Much of what we know about sex, or think we know, stems from the animal kingdom. No surprise there—we're animals and the nuances of the genetic tango are easier to study in organisms larger than infinitesimal blobs.
Trouble is, animal sex is specialized to the point of distraction. Most researchers have learned to avoid seeking universal sexual truths by examining animals' twig on the tree of life, but some still rely heavily on single animal models whereas others hawk dated taxonomic ideas without realizing it, says protistologist Frederick Spiegel of the University of Arkansas in Fayetteville.
"Huge numbers of trees are killed over the origin and function of sex, but some people writing and teaching this material still have animal sex in the back of their minds. It's biased, and it's backwards," says Spiegel, author of a commentary on sex published online May 10 in Proceedings of the Royal Society B.
Enter the amoeba: a collection of blobby, typically asexual microorganisms that taxonomists have historically swept under the rug as evolutionary oddities. If biologists want to understand sex's universal features, especially its benefits and costs, Spiegel argues there's no better critter to start with.
"Sex is one of the most primitive characteristics of all eukaryotic life," he says. "There are only a few eukaryotic lineages where we've never seen sex, and they're all amoebae. With these asexual organisms, we can compare and ask some truly synthetic questions about sex.”
Amoebas are single-celled blobs that house their DNA in nuclei, just like all of their eukaryotic relatives (humans included). Although some amoebas presumably cannot have sex and divide by mitosis, others are among the eukaryotes that can have sex—a process that can most simply be defined as ripping a genome in half and later recombining it. The practice fuels diversity by juggling genes and ultimately helps lineages weather catastrophic change over generations as natural selection acts on them.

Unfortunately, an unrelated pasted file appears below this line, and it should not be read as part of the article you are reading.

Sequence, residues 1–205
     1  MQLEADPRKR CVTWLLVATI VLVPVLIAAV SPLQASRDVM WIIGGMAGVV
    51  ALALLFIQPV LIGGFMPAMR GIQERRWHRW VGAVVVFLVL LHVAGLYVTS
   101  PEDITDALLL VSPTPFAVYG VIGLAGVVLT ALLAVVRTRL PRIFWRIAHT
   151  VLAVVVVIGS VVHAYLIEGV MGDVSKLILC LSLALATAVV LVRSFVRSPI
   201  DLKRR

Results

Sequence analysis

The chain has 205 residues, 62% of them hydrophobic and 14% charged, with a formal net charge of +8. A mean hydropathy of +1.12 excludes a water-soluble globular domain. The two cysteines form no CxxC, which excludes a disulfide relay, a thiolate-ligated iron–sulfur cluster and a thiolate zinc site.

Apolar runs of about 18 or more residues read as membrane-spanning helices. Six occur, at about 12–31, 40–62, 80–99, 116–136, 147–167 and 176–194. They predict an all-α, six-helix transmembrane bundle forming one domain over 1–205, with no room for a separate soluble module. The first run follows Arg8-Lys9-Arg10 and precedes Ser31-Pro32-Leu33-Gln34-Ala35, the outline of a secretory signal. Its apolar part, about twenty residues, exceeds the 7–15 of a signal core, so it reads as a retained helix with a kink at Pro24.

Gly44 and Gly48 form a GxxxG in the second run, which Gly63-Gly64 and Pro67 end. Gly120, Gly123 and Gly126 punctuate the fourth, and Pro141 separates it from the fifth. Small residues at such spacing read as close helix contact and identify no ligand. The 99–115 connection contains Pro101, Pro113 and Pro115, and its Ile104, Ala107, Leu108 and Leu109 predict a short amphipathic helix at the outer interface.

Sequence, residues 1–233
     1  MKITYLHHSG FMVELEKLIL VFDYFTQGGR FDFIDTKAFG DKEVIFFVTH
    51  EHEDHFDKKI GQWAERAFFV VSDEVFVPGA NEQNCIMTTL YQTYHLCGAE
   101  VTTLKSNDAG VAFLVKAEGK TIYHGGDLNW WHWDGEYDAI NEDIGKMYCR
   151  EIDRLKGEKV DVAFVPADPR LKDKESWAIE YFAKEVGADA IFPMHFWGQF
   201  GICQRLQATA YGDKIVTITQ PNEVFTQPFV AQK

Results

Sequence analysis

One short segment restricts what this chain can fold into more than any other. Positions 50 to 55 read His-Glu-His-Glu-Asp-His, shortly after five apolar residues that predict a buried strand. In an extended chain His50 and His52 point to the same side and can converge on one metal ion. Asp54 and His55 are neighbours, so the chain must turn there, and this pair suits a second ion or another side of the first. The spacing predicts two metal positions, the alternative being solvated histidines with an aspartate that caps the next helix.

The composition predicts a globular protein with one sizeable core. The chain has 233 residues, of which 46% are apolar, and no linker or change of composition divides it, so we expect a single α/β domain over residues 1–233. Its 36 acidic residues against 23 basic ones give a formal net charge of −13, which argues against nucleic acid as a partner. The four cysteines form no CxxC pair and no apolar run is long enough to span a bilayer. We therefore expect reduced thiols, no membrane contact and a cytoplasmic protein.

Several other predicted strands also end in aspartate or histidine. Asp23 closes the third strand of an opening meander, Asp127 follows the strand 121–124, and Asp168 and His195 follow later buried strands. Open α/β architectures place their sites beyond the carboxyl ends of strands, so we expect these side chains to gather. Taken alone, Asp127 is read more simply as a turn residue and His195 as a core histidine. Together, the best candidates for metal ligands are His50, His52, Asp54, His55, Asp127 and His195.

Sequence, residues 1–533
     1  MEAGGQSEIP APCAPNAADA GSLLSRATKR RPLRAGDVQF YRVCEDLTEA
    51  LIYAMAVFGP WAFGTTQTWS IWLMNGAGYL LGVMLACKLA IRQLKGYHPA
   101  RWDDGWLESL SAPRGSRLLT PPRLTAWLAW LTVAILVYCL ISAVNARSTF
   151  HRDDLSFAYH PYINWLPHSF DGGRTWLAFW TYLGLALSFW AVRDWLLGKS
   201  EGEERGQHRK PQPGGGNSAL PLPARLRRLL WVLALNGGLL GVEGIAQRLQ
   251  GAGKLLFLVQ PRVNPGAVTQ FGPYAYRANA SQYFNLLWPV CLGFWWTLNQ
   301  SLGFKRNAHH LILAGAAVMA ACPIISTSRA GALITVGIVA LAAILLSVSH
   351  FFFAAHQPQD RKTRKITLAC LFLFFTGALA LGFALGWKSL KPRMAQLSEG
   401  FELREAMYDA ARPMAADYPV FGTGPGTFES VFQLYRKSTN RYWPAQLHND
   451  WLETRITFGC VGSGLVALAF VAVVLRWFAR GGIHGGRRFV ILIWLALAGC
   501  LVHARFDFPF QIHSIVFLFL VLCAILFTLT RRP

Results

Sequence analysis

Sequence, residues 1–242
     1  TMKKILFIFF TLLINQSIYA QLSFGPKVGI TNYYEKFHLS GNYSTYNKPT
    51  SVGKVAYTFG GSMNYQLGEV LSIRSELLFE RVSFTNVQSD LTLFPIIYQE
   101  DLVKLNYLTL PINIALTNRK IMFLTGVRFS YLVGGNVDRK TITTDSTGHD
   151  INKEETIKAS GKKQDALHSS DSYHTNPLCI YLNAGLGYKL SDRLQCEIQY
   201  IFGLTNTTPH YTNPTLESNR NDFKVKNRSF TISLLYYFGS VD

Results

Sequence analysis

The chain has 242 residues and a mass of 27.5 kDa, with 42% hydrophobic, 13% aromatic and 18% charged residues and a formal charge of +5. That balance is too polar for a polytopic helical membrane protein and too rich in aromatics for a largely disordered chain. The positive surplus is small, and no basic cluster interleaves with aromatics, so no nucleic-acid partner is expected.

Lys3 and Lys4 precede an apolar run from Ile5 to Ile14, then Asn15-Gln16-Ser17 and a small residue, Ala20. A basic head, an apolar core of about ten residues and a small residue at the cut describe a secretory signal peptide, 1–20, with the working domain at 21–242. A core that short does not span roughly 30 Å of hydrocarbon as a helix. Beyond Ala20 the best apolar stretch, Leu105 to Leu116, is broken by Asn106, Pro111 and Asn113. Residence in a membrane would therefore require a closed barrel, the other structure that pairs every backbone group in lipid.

The historic generalization of amoebas leans to the less sexy side, which is almost certainly wrong, concludes a study published online March 23 in Proceedings of the Royal Society B (for which Spiegel was a reviewer and on which he based his commentary). Although some amoebas haven't been caught having sex, the authors' taxonomic work suggests amoebic ancestors did do it—just like the common ancestor that led to all modern eukaryotes.
It's not certain what pushed some amoebas into celibacy, but they may have evolved in stable environments that didn't require the energy costs of, or genetic advantages conferred by sex. After dropping the ability to sexually shuffle their genes, perhaps they simply got by reproduction via mitosis. Whatever the case may be, it's fertile ground for more research.
"Sex is an expensive process associated with big changes in an environment," Spiegel says. "I like to tell my students, 'When the going gets tough, the tough get horny.'"
In addition to dealing with asexuality, early taxonomists had to sort amoebas that resembled plants, fungi and animals. When Robert Whittaker debuted his popular five-kingdom classification system 42 years ago, he plucked amoebas out of various kingdoms and deemed them all protists. Genomic research and the field of systematic biology have since refined this sorting, but Spiegel argues outdated ideas continue to distort evolutionary relationships among organisms.